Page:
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Liberia to join movement to repeal criminal defamation

The World Association of Newspapers and News Publishers (WAN-IFRA) has welcomed Liberian president Ellen Johnson Sirleaf's commitment to press freedom after her public endorsement of the Declaration of Table Mountain, a continent-wide call to repeal criminal defamation and 'insult' laws.
"This Declaration seeks to adjust the statutes under which journalists may be prosecuted in court by decriminalising those statues," said the president in a speech delivered on 3 May to commemorate World Press Freedom Day.

"All of these, and more, we will continue to do to advance the cause of a free press and a more expressive society."

President Sirleaf, the 2011 Nobel Peace Prize laureate, becomes the second head of state to endorse the declaration, following Niger president Mahamadou Issoufou's commitment made in November 2011 at a public ceremony held in the Nigerien capital, Niamey.

The Declaration of Table Mountain was adopted at WAN-IFRA's World Newspaper Congress and World Editors Forum held in Cape Town, South Africa, in 2007, the annual summit meeting of the world's press. Numerous press freedom and civil society organisations, including South African Archbishop Desmond Tutu, have endorsed the declaration, which identifies criminal defamation and 'insult' laws as amongst the most severe obstacles to securing the future of the independent press in Africa.

"We are delighted that President Sirleaf has added her voice to those committed to repealing insult and criminal defamation laws across Africa," said Larry Kilman, deputy CEO of WAN-IFRA, who called on other African leaders to follow her example.

"Only through the elimination of these onerous laws can the independent press in Africa be truly free to carry out its duty as a watchdog, and contribute to societal, cultural and economic development," he said.

The vast majority of African nations continue to jail journalists and close media houses on charges of defamation or for "insulting" authorities or their policies. The practice prevents legitimate public discourse and critical writing and leads to self-censorship.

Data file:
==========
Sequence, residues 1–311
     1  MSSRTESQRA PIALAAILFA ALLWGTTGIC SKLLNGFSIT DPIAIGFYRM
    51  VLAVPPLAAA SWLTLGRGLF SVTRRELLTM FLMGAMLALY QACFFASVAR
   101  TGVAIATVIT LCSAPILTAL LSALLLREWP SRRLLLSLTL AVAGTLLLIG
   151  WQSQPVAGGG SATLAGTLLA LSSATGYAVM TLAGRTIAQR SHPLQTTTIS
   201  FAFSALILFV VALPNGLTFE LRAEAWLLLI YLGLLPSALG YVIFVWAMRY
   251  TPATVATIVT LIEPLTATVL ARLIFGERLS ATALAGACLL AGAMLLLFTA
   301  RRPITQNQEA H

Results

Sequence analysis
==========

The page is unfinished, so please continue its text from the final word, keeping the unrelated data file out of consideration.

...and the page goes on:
The Declaration can be found at

African organisations that have endorsed the Declaration of Table Mountain include: The African Editors Forum, Freedom of Expression Institute, Media Institute of Southern Africa, Media Foundation for West Africa, Observatoire-OLPEC, The Egyptian Organisation for Human Rights, Institute for the Advancement of Journalism, South African National Editors' Forum, Journaliste En Danger, National Union of Somali Journalists, African Media Initiative, and Liberian Media.

International organisations that have endorsed the Declaration include: International Pen, Reporters Without Borders, Article 19, Index on Censorship, International Press Institute, World Press Freedom Committee, Committee to Protect Journalists, Media Rights Agenda, Freedom House, International Publishers Association and the Media Legal Defence Initiative.

The Declaration of Table Mountain campaign is supported through a strategic partnership between WAN-IFRA and the Swedish International Development Cooperation Agency to advance media development and press freedom worldwide.


WAN-IFRA, based in Paris, France, and Darmstadt, Germany, with subsidiaries in Singapore, India, Spain, France and Sweden, is the global organisation of the world’s newspapers and news publishers. It represents more than 18 000 publications, 15 000 online sites and over 3000 companies in more than 120 countries. The organisation was created by the merger of the World Association of Newspapers and IFRA, the research and service organisation for the news publishing industry.
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